The influence of Greeks on the European culture and art is impossible to dismiss. Equally rich is the cuisine of the country from the south of the Balkan Peninsula. It captivates with the simplicity of Greek salad, the unique sweetness of baklava and the variety which can be first and foremost experienced in Thessaloniki.

The basic ingredient of Greek cooking is olive oil. Since the ancient times, it has been an integral ingredient of many dishes, while the winners of the Olympic Games were rewarded with an olive branch and a cup filled with this golden liquid. Today, every Greek house has at least one olive oil gallon, which tastes best when it is freshly pressed – it is distinguished by a quite strong green colour and dry taste. Olive oil in the south of the Balkan Peninsula is added almost to everything – meat, fish and seafood, vegetables, paste, cheese and even poured on bread. ATHENS #flyKRK     THESSALONIKI#flyKRK    CHANIA#flyKRK


Although almost everyone has heard about this dish, its true taste that captivates with simplicity and freshness can only be truly discovered in Greece. Choriatiki salata, i.e. a village salad, must include thickly cut tomatoes and cucumbers, red onion and slices of green peppers, as well as olives and feta cheese definitely thickly sliced. The whole is complemented by irreplaceable olive oil and oregano – the health-promoting properties of this herb were used by Hippocrates himself. Characteristic dish of Greek cuisine, especially the Attica region with the capital in Athens, are dolmades – cabbage rolls stuffed with rice and other additives, such as lamb or being wrapped in grape leaves. Another popular meal is tiropita, a filo dough filled with feta cheese, served hot or cold. In a traditional Greek house, you will find the famous moussaka, i.e. a casserole with béchamel sauce, eggplants, potatoes and minced meat.


The city on the Gulf of Salonika is considered the culinary capital of Greece. The richness of this cuisine results from the multitude of interpenetrating flavours – Greek, Macedonian, Bulgarian, Jewish and Turkish. Central Macedonia region is famous primarily for fish and seafood, especially sardines, squid, mussels, shrimps and octopuses. In turn, in the vicinity of the Kapani market there are numerous ouzeri – taverns serving ouzo, or vodka with an intense anise flavour, which after mixing with water changes colour to milky. It is said that you can either love or hate this drink. This strong alcohol goes well with chtapodi psito – a grilled octopus.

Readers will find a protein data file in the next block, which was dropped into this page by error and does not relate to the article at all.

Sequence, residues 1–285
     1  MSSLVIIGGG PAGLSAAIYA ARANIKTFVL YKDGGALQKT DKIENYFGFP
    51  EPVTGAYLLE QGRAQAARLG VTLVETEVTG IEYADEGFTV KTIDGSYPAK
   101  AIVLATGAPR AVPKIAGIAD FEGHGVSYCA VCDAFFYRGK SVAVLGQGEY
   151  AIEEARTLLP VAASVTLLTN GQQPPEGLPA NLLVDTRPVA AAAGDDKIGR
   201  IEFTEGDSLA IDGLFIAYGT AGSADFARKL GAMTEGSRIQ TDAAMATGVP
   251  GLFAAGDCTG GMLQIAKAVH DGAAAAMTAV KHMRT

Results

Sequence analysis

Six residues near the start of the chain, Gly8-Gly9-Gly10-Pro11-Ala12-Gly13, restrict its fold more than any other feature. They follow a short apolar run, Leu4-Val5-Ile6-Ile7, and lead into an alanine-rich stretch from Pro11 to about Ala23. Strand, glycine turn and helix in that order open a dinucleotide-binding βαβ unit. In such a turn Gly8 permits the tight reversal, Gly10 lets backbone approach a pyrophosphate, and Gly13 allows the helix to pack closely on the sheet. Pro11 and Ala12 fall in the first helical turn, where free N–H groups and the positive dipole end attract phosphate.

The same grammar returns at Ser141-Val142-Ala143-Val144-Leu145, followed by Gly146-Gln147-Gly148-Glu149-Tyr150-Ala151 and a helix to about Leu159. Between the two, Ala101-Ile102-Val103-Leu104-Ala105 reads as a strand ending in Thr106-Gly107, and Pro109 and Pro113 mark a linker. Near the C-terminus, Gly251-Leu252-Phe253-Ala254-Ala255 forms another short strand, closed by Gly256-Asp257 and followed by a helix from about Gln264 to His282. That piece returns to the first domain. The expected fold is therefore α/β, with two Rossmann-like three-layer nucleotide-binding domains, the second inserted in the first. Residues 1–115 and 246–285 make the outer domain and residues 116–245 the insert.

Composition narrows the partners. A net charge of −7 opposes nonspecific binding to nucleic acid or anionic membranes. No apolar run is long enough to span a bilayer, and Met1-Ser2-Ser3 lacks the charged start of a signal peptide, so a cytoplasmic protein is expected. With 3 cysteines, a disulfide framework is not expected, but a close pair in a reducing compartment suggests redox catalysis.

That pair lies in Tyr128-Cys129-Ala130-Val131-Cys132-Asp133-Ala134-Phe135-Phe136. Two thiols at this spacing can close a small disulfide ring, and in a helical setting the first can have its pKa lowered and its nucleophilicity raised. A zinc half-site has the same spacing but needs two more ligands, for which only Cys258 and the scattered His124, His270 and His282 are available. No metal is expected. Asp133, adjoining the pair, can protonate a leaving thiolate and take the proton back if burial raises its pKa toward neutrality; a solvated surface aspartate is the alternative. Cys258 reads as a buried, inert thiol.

This spice reigns in the Ionian Islands region. It gives a characteristic flavour to stifado goulash and Kefalonian meat tart. The archipelago in the Ionian Sea is the perfect place to try gavros tiganites, i.e. fried anchovies sprinkled with lemon or lime juice – the dish is simple, and in combination with dry white wine creates an extraordinary duet. The Greek culinary art, especially Cretan, will also delight vegetarians. Sheep cheese (anthotyro, myzithra and graviera), okra with tomato sauce, filling bean paste (fava), olives, stuffed zucchini flowers, fried dumplings (kalitsounia) – these are meatless dishes and snacks which create a diverse picture of the cuisine of the largest Greek island.


Greeks love sweet flavour. They put honey and sweetmeats on thick, well chilled natural yoghurt. They also add this golden liquid into baklava – the most famous Greek filo pastry. A few bites of this dessert, as well as the taste of ravani cacke with semolina (i.e. durum wheat flour or groats) soaked in syrup will satisfy even the greatest lovers of sweets. Apart from the sweetness of sugar and honey, you can also taste strong spices, mainly anise, cloves and cinnamon, and citrus. You can find these aromas, among others, in two cakes: nutty (karydopita) and orange (portokalopita). Fortunately, this characteristic sweetness is balanced by Turkish coffee, which in Greece is called… Greek!